Identify "phishing" and "spoofing" emails
Phishing emails try to trick you into revealing personal information. They look like they're from a legitimate source, such as your bank or Google, but they're not. Spoofing is specifically faking the "From" address in an email to make it look like it's from someone you know.
How to spot fake messages
Never send personal information over email unless you're absolutely sure who you're sending it to. Messages or websites phishing for information might ask you to enter:
- Usernames and passwords
- Social Security numbers
- Bank account numbers
- PINs (Personal Identification Numbers)
- Full credit card numbers
Real messages from Google might ask you to click a link to verify your email address, but you won't need to enter any information.
If we can't verify your Google Wallet information, we might send you an email from noreply@Wallet.google.com, noreply@Wallet.l.google.com, or firstname.lastname@example.org, and ask you to sign in and send certain documents that verify your billing details. We won't ask you for any information until you've signed in to your Google account.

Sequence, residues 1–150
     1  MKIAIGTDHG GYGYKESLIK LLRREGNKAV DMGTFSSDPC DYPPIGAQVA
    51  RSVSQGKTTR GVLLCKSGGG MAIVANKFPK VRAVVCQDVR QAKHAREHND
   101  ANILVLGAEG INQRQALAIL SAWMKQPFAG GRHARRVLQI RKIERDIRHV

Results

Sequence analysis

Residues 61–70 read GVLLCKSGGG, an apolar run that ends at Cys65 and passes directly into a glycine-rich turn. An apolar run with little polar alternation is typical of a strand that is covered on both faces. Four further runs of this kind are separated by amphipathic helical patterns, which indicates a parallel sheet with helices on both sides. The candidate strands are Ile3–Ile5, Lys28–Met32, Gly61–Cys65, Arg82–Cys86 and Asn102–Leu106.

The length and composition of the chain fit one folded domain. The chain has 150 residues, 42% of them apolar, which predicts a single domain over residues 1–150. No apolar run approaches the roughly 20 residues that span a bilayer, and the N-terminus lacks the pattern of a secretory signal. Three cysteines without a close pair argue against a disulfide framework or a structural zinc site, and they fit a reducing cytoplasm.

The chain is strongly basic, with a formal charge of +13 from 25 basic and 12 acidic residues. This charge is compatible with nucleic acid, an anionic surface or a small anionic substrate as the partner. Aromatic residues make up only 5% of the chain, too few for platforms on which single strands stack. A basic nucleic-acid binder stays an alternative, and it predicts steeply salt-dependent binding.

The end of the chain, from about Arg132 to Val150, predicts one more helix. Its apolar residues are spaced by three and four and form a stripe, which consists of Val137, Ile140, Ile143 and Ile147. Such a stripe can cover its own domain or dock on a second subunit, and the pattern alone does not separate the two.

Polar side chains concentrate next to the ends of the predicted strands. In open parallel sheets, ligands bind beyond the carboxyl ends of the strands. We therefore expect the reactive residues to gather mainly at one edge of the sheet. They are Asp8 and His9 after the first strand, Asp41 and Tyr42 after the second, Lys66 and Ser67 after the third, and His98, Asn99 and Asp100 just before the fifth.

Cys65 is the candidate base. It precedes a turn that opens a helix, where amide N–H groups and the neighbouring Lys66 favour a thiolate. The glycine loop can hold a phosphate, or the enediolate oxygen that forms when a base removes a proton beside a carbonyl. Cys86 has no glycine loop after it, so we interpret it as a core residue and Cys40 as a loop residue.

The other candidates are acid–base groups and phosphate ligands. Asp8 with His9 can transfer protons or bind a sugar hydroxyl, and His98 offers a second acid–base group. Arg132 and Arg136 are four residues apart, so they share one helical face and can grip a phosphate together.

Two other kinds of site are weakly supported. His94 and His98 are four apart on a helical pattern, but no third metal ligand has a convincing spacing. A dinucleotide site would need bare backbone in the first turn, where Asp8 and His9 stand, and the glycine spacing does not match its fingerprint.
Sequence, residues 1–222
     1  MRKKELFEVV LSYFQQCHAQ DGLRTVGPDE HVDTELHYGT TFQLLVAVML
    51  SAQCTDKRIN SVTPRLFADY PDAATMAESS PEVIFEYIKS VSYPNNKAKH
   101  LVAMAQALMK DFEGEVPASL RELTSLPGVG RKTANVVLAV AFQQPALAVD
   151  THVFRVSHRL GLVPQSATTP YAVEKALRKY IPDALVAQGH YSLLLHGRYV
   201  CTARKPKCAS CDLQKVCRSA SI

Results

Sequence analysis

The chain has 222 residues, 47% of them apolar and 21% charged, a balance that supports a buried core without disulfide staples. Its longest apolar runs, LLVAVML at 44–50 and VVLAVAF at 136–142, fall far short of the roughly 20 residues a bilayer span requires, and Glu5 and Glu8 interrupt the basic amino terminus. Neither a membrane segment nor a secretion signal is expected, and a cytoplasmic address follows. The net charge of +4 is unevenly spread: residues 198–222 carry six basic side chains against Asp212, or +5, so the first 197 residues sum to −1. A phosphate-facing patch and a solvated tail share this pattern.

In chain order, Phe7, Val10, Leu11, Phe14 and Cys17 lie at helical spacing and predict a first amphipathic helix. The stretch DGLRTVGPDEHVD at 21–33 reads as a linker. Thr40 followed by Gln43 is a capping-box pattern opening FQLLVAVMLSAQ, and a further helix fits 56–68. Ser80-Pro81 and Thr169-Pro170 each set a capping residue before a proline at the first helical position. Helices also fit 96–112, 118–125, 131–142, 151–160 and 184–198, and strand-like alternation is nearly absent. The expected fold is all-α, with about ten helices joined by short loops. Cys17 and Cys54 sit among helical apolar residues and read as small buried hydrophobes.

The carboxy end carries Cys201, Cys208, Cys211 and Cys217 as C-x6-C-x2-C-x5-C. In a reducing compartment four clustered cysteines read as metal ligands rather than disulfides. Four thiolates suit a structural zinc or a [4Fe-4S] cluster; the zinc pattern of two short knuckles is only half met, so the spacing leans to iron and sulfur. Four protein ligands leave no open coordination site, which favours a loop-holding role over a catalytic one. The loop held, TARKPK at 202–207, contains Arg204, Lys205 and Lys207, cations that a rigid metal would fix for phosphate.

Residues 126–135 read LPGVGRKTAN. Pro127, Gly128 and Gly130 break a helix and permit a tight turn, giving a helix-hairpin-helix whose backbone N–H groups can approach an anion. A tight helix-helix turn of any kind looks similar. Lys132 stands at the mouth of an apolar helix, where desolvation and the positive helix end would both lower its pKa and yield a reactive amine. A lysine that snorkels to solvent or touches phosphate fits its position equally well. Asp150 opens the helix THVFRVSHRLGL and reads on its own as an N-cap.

Find the real sender of an email in Gmail
- Click the drop-down next to the "Reply" button and click Show original.
- Make sure the "From" address and the "Reply-to" address match.
- Check that the address on the "Message-id" also matches the "From" address domain.
- If you don't use Gmail, ask your email host for details on how to verify a sender.
What to do with suspicious emails
If you receive a suspicious email, do not provide the information it asks for. Make sure you know where a message came from before you reply to the sender, download attachments, or click on links. If the message claims to be from Google, report the email.
PC is a Wallet expert and author of this help page. Help her improve this article by leaving feedback below.